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VOL. 132 | NO. 192 | Wednesday, September 27, 2017

Graham-Cassidy Bill Withdrawn Amidst Local Protest

By Bill Dries

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Ahead of an increasingly tentative vote on the latest Republican health care proposal in the U.S. Senate, about 100 critics of the Graham-Cassidy bill rallied Downtown Monday, Sept. 25, to call for U.S. Sens. Bob Corker and Lamar Alexander of Tennessee to vote against the proposal.

And by Tuesday afternoon, the bill was pulled by Republican leaders from even a vote after a weekend and the start of the work week counting votes that didn't add up to passage of the measure.

The protest led by Indivisible Memphis included a coalition of groups from Planned Parenthood Greater Memphis Region to the Memphis Center for Independent Living to the Shelby County Democratic Party.

Indivisible Memphis co-chairwoman Emily Fulmer described the bill as “the latest Republican attack to repeal, dismantle and legislatively undermine the Affordable Care Act.”

A Monday lunch hour protest of the Graham-Cassidy health care bill pending in the U.S. Senate drew a coalition of local groups and a crowd of around 100 people to the Civic Center Plaza Downtown.  (Daily News/Bill Dries)

Fulmer said Alexander and Corker, as well as Tennessee Gov. Bill Haslam, were leaning toward backing the bill for political reasons – “to give their president a win.”

Alexander said Tuesday after the bill was pulled that he would have voted for the bill "because it meant more money and more state decision-making for Tennessee and would have helped control the federal debt."

“I would have voted for the Graham-Cassidy proposal because it meant more money and more state decision-making for Tennessee, and would have helped control the federal debt," he added in the written statement. "But Graham-Cassidy primarily would have affected 2020 and beyond. I’m still concerned about the next two years and Congress has an opportunity to slow down premium increases in 2018, begin to lower them in 2019, and do our best to make sure there are no counties where people have zero options to buy health insurance.”

Some speakers at the lunch hour rally on Monday in the plaza between City Hall and the Clifford Davis-Odell Horton Federal Building called for an end to partisan wrangling over such legislation.

“Forget about partisan politics for a little while,” said Southern Christian Leadership Conference Memphis president Pastor Walter Womack.

Shelby County Democratic Party chairman Corey Strong touted “Democratic values” as he criticized the state’s two Republican senators and the Republican governor.

“We have elected officials who are much more concerned about theories of free markets and making money than they are about people’s lives,” Strong said. “The reality is we have a governor who doesn’t serve our best interests.”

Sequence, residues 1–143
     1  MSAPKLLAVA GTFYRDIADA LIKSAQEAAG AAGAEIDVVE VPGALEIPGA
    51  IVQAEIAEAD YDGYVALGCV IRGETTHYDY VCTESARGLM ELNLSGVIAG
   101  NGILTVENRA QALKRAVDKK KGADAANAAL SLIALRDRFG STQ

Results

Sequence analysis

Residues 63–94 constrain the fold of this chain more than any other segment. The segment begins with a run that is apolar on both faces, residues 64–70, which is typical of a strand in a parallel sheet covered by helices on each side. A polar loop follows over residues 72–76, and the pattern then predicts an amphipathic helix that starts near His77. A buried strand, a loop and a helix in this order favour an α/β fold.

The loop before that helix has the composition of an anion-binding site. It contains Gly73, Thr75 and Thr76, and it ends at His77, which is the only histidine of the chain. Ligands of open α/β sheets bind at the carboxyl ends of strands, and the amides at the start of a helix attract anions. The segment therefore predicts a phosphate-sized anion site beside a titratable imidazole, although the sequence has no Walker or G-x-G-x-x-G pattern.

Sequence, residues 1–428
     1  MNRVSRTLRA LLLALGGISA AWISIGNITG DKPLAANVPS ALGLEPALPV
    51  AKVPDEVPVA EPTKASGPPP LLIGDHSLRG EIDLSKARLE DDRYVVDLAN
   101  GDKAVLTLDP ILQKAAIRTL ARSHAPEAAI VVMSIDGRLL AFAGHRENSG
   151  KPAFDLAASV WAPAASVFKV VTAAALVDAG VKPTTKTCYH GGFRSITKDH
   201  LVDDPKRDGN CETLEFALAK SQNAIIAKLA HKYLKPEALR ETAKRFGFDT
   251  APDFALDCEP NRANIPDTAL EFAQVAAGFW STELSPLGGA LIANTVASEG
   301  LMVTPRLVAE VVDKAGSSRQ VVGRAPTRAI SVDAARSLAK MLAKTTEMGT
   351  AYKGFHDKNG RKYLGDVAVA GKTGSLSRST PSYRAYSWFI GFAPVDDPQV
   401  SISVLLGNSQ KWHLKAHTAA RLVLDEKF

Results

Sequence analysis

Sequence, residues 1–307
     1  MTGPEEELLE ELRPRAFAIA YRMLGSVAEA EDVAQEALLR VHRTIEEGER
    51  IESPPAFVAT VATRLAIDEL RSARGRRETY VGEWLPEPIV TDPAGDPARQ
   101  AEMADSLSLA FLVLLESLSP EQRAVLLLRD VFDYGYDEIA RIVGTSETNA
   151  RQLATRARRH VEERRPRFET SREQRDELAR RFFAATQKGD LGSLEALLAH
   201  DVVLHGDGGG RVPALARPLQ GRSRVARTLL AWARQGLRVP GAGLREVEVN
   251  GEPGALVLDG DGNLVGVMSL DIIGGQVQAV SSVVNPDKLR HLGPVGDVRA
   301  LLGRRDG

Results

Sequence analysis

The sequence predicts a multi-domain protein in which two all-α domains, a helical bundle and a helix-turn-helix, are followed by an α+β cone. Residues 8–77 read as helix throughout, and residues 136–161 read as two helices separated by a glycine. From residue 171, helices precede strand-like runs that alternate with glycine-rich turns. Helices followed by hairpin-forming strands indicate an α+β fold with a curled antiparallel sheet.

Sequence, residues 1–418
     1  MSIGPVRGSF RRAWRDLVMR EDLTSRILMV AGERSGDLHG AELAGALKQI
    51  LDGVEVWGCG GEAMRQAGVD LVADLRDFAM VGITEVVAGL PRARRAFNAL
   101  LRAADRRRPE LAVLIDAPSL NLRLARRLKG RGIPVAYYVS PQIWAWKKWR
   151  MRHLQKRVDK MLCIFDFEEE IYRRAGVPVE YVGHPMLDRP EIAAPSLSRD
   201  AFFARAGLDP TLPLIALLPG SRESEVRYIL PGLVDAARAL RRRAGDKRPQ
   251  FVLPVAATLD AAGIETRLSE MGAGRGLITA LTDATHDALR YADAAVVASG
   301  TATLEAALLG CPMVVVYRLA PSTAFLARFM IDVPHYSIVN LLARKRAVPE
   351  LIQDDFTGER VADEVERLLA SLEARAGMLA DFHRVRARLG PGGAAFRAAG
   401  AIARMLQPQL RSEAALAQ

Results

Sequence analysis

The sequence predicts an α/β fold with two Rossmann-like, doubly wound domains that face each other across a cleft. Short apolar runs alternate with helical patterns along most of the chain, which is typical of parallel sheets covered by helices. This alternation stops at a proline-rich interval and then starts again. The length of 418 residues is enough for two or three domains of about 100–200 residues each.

Rally participant Dr. Roger Labonte described himself as a “fiscal conservative.”

“I happen to think that single-payer national health insurance is about as fiscally conservative as you can get,” he said. “It will lower the cost to everybody.”

Labonte described Corker and Alexander as “good people.”

“They just can’t get away from this false ideological belief that government can’t do anything right,” he said. “It can.”

Labonte also said it’s unlikely the nation will go to the single-payer national system he favors.

Graham-Cassidy would repeal the Obama administration’s Affordable Care Act in favor of Medicaid grants to each state.

Alexander and Corker were among those who voted for the unsuccessful “skinny repeal” bill this summer that would have repealed the ACA. Neither had a lot to say about the specific legislation now pending.

Alexander, chairman of the Senate Health Committee, has been working this month on legislation he said would stabilize the individual health insurance market.

Working with Democratic Sen. Patty Murray of Washington, he described that proposal as “a limited bipartisan proposal” that he and Murray had planned to take to Senate leaders this week.

“During the last month, we have worked hard and in good faith, but have not found the necessary consensus among Republicans and Democrats to put a bill in the Senate leaders’ hands that could be enacted,” Alexander said in a written statement last week.

Alexander had also insisted in previous Republican efforts to abolish the Affordable Care Act he supported that the bills preserved coverage of pre-existing conditions, even when the bills included options that would have allowed individual states to charge more for coverage of those with pre-existing conditions.

Alexander said the higher cost to cover pre-existing conditions would apply only to those who had dropped their coverage or let it lag and then re-enrolled.

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